The epicyclic gearset and motor/generator unit are located at the far end of the main shaft to the spring battery. The Lithium Polymer battery pack can be seen directly under the blue lever.
Human Machine Interface
Finally, the resistive load is delivered to the user via the toothed tensile belt. The belt drives a contrarotating pulley attached to the output from the load variator which is mounted concentrically to the mainshaft. The blue eye at the end of the belt can be attached to various quick release interfaces depending on the required exercise. For squats, the eye is attached to a squat harness, while a short bar would be attached for inclined rows for instance.
VelAir is a mobile urban pollution sensor. Designed to be wearable or bike mounted, VelAir detects concentrations of oxides of Nitrogen and other harmful compounds that proliferate in cities. It charts these readings using a built in GPS and uploads them to the cloud via integrated wireless chip. The cloud data is collated and arranged on a third party mapping app (such as Google Maps). This allows pedestrians and cyclists to avoid smog hotspots by automatically rerouting them in real-time.
5 generations of prototypes were developed, later ones performed all the tasks described above.
VelAir won the inaugural Trinity Science Gallery Strange Weather Hackathon and the V&A Open Collaborative Making event for London Design Week.
Urban Pollution Mapping Wearable
A one-touch mechanical cam-locking system was developed for handlebar mounting. It is designed to last for decades rather than years
The aesthetic was inspired by concrete pillboxes
Prototype 5 incorporated all the systems necessary for commercial operation along with a novel sample processing chamber to condition the sample air for higher accuracy. This was the first prototype to utilize a completely in-house designed circuit board. Some of the systems involved were influenced by concepts developed for the Kumo respirator.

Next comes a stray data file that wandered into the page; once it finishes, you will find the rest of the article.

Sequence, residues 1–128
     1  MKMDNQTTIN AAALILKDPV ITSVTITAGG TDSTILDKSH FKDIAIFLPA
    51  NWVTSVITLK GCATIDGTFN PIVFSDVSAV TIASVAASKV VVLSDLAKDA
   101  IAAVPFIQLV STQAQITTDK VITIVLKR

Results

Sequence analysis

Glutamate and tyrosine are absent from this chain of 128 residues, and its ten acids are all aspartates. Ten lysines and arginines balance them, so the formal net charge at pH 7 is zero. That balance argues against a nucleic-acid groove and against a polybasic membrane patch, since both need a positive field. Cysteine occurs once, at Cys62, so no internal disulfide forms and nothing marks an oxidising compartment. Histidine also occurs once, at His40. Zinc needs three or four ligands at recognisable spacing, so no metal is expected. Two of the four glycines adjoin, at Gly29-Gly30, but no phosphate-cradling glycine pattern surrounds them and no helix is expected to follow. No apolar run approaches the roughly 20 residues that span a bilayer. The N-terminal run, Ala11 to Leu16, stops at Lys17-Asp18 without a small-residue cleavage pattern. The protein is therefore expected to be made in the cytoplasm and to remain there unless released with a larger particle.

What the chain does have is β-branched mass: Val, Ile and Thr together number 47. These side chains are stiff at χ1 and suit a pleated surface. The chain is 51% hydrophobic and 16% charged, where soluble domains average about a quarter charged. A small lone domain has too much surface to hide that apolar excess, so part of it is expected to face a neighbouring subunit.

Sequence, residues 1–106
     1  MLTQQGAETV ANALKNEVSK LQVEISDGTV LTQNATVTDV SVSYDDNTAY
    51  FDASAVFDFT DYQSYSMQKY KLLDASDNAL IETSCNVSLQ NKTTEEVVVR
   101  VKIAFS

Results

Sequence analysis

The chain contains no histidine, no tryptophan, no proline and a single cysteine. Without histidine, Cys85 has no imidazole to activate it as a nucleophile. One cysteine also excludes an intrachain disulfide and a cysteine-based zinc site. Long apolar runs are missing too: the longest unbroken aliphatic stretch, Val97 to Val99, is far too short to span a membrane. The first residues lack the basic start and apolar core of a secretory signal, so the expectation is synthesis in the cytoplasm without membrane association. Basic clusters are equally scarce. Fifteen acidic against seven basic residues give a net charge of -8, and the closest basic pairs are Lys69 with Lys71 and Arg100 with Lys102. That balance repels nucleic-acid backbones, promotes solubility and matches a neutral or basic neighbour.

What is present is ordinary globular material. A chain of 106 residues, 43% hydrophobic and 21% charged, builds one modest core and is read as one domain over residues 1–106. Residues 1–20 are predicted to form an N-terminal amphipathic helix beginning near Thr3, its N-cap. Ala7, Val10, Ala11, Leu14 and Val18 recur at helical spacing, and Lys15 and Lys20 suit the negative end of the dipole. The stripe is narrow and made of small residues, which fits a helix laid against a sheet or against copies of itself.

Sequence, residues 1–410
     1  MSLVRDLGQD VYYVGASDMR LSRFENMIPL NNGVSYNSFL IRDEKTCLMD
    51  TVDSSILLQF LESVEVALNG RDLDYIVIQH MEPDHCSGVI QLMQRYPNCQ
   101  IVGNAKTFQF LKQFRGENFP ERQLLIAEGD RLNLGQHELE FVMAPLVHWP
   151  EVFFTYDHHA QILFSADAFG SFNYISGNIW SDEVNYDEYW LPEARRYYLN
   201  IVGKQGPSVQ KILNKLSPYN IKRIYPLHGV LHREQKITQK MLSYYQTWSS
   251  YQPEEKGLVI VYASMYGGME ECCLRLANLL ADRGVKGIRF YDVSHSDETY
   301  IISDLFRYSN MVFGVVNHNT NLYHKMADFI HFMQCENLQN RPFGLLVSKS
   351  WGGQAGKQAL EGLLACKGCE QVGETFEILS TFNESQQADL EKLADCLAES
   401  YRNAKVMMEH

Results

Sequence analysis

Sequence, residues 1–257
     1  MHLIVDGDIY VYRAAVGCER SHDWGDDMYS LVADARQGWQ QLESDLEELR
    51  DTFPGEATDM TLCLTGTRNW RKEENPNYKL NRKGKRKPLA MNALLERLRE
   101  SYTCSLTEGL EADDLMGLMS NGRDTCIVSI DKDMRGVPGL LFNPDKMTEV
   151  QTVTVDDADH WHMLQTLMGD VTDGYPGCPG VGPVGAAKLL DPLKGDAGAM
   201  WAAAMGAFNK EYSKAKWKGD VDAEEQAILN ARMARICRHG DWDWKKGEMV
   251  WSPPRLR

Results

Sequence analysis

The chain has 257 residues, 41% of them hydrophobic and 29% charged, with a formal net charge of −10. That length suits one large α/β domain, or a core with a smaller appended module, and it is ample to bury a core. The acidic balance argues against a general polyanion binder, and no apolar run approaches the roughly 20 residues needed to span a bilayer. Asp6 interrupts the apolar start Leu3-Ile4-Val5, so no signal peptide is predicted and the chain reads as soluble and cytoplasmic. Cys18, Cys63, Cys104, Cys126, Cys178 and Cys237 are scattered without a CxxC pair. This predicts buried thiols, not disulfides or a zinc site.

Kumo is a respirator that allows users to perform at their peak in hostile environments. Kumo monitors environmental conditions such as temperature and humidity and can interact with other wearables in order to gauge user performance.
Kumo is modular and can be tailored for a variety of climate types. This variant is optimised for Arctic conditions. The cold, dry air is inhaled through the filter where it is heated and then humidified to ideal levels for peak performance.
Kumo was shortlisted out of over 1400 entries for the Oakley Disruptive by Design competition
Personal Climate Control
Kumo can be customised for various harsh environments. This variant is optimised for cold weather performance.
For arid conditions the heating module can be detached and replaced with an auxiliary particulate filter in seconds.
A lot can happen in one breath
Coco is an outdoor chair upcycled from old shopping trolleys. The galvanised steel frame has excellent weather resistance and is complimented by seat, back and armrests in Teak or Iroko.
The steel frame was cut and hand bent using pliers and homemade jigs. Welding was not considered an option as it would discolour the raw steel finish. The steel was then hand brushed using increasingly fine grades of sandpaper for a warm satin finish. The Teak was cut, routed and sanded before being fitted to the steel chassis. The seat-pan was made in two parts and then pressed together using 200kg of force for a totally seamless union.